Similar findings emerged in the research of DJs Ju Salty and Prila Paiva, creators, in 2010, of the party Chica Chica Bum. Like Ramiro and Pinhel, they also met through sharing sites. In 1990, Ju was also co-opted into rap. “Ailton, a great friend, gave me a K-7 ribbon from the album Hip-Hop Na Veia, by Thaíde and DJ Hum, and I loved what I heard. In the same period, I started going out at night in São Paulo and started going to Der Tempel, a rock house, but which, on the dance floor, mixed everything. Of course, there was no black music in essence, but they played a lot of hip-hop. So much so that the first time I heard Racionais MCs was there. I remember I ran to ask the DJ what was playing. The song was Hey Boy.” From a compulsive listener to a DJ, Ju started his career in 2006, in clubs such as Tríade and CB, where he performed the Brazilian Version nights, with singer-songwriter Rômulo Fróes, and Tiki, alongside João Gordo.

At amateur college parties, Prila experienced divisive situations for her DJ training. “In 2000, I joined Unesp to study Visual Arts and started DJing at parties organized by the group. They were large events with 500 people. That's where my understanding of what it is to be a DJ came from. It was also at this time that I immersed myself in African and Latin American rhythms, mixed with psychedelia. Marva Whitney, Gal Costa, Elza Soares, Trio Ternura, Wilson das Neves, Djalma Corrêa, Geovana, James Brown, Kool and The Gang, Sly and The Family Stone, Jimi Hendrix, Mongo Santa Maria, among others, sew my sessions to this day. . I seek mastery of the music story that is told from the soul,” he says.

DJs Ju Salty and Prila Paiva, from the Chica Chica Bum party. Photo: Personal Archive

Ju and Prila are part of the upward movement. Previously restricted to isolated initiatives, such as the parties of the pioneer DJ Sonia Abreu, started in 1977, in 1977, at the Papagaio Disco Club, the female presence behind the turntables is a visible phenomenon in São Paulo night, in dances such as those of the Mulheril collective. , which brings together dozens of collaborators; Veraneio, by DJs Laylah Arruda, Laura Mercy and Raffa Jazz; Pitangueira, by DJs Dé Schw, Mariana Boaventura and Gabriela Ubaldo; Macumbia, also by Gabriela; and Viva o Vinil, by DJ Kylt from Paraíba, based in São Paulo.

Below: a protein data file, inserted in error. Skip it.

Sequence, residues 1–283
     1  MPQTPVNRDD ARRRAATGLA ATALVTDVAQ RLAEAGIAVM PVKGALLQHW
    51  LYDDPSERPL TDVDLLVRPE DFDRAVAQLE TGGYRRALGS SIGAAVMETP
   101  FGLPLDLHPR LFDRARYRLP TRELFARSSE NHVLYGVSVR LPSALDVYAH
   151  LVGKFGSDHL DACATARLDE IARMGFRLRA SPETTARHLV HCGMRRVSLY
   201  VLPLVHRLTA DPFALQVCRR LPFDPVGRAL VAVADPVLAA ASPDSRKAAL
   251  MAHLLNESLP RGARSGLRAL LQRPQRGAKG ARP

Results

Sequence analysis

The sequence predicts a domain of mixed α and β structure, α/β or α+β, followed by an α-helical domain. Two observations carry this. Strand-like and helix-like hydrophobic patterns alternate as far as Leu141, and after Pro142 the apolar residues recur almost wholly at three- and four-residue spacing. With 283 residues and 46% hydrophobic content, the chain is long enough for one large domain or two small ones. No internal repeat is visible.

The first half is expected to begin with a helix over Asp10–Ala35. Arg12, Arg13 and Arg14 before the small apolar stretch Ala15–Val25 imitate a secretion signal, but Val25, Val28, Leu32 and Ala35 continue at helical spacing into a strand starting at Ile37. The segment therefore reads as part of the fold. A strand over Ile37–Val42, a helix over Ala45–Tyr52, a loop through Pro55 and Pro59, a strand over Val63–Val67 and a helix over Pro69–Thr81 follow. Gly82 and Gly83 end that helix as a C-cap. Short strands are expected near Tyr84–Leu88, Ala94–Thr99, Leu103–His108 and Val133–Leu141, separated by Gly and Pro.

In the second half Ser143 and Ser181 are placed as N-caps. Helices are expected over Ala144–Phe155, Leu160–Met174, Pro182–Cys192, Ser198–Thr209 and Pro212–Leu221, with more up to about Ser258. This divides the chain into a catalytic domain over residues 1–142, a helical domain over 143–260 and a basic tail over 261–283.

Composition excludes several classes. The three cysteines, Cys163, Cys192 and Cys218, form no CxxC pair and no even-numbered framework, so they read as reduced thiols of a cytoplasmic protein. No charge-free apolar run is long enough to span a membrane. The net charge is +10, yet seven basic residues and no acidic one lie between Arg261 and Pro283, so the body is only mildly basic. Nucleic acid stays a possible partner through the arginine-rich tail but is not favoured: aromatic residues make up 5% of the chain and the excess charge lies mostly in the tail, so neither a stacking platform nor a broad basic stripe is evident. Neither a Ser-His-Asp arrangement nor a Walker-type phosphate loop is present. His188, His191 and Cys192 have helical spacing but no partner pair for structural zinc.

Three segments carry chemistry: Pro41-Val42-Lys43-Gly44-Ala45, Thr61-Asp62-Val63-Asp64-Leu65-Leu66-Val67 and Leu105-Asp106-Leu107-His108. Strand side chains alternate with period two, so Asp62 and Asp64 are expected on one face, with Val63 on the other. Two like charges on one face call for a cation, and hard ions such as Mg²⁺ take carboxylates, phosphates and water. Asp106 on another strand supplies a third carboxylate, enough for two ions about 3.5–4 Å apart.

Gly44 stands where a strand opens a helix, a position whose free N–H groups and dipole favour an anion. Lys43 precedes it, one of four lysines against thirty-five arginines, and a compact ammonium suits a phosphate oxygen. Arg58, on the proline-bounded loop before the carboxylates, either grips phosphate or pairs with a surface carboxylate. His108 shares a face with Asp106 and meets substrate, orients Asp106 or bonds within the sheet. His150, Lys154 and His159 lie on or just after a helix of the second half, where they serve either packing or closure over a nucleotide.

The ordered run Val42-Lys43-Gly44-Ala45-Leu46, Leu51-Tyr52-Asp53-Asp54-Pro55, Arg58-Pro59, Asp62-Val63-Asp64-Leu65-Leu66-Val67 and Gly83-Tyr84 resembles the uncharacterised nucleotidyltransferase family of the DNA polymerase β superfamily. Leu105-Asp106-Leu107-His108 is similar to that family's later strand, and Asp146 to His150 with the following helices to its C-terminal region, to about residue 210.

Ju, however, considers that this evolution is still timid. “I think it's cool that there is a growing number of female DJs today, but this movement is still small compared to the male hegemony. Unfortunately, this is a reflection of the difficulties we live in a sexist and misogynist society. We are a minority, but I keep doing what I like, because I know that music has the power to bring people together. From the moment I discovered that I had the power to bring them together through sound, that passion has always moved me,” she says.

Prila reiterates the opinion of Chica's partner Chica Bum. “From public to domestic institutions, we live in a male state. I see little exchange between producers and DJs that include women from a creative perspective. Often, they are included in cultural networks to meet awareness protocols of those who say they are not sexist. At the same time, it's amazing how collectives of women have transformed things through insistence and resistance. But this traffic needs to flow more. I conclude by giving a shout out to DJ Sônia Abreu, pioneer of the dance universe, a dreamy woman, who jumped the wall of prejudice with her magic van and her record collection, taking her Tropical Waves to the public space in the 1980s.”

With these eight characters, we end here the two reports dedicated to the history of bailes black and their heritage for the night of São Paulo. It is worth remembering, as we stated in the first article, that hundreds of anonymous people also built this narrative. A hail to them all!

Read black is beautiful, first chapter of this report